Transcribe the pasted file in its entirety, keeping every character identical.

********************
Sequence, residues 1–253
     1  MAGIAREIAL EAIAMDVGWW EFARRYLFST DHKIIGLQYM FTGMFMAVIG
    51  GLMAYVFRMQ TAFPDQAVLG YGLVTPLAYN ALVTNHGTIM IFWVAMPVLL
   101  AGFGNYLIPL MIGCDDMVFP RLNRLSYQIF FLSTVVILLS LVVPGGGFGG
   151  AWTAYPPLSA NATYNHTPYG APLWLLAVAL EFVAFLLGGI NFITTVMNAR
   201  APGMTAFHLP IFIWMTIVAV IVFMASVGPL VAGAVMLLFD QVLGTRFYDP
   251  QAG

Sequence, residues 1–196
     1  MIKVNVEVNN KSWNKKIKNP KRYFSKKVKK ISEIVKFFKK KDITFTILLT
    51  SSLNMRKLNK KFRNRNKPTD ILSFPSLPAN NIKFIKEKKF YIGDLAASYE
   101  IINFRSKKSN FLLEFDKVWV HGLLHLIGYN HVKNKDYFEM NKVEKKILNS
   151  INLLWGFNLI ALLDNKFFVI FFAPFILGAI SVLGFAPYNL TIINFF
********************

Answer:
Sequence, residues 1–253
     1  MAGIAREIAL EAIAMDVGWW EFARRYLFST DHKIIGLQYM FTGMFMAVIG
    51  GLMAYVFRMQ TAFPDQAVLG YGLVTPLAYN ALVTNHGTIM IFWVAMPVLL
   101  AGFGNYLIPL MIGCDDMVFP RLNRLSYQIF FLSTVVILLS LVVPGGGFGG
   151  AWTAYPPLSA NATYNHTPYG APLWLLAVAL EFVAFLLGGI NFITTVMNAR
   201  APGMTAFHLP IFIWMTIVAV IVFMASVGPL VAGAVMLLFD QVLGTRFYDP
   251  QAG

Sequence, residues 1–196
     1  MIKVNVEVNN KSWNKKIKNP KRYFSKKVKK ISEIVKFFKK KDITFTILLT
    51  SSLNMRKLNK KFRNRNKPTD ILSFPSLPAN NIKFIKEKKF YIGDLAASYE
   101  IINFRSKKSN FLLEFDKVWV HGLLHLIGYN HVKNKDYFEM NKVEKKILNS
   151  INLLWGFNLI ALLDNKFFVI FFAPFILGAI SVLGFAPYNL TIINFF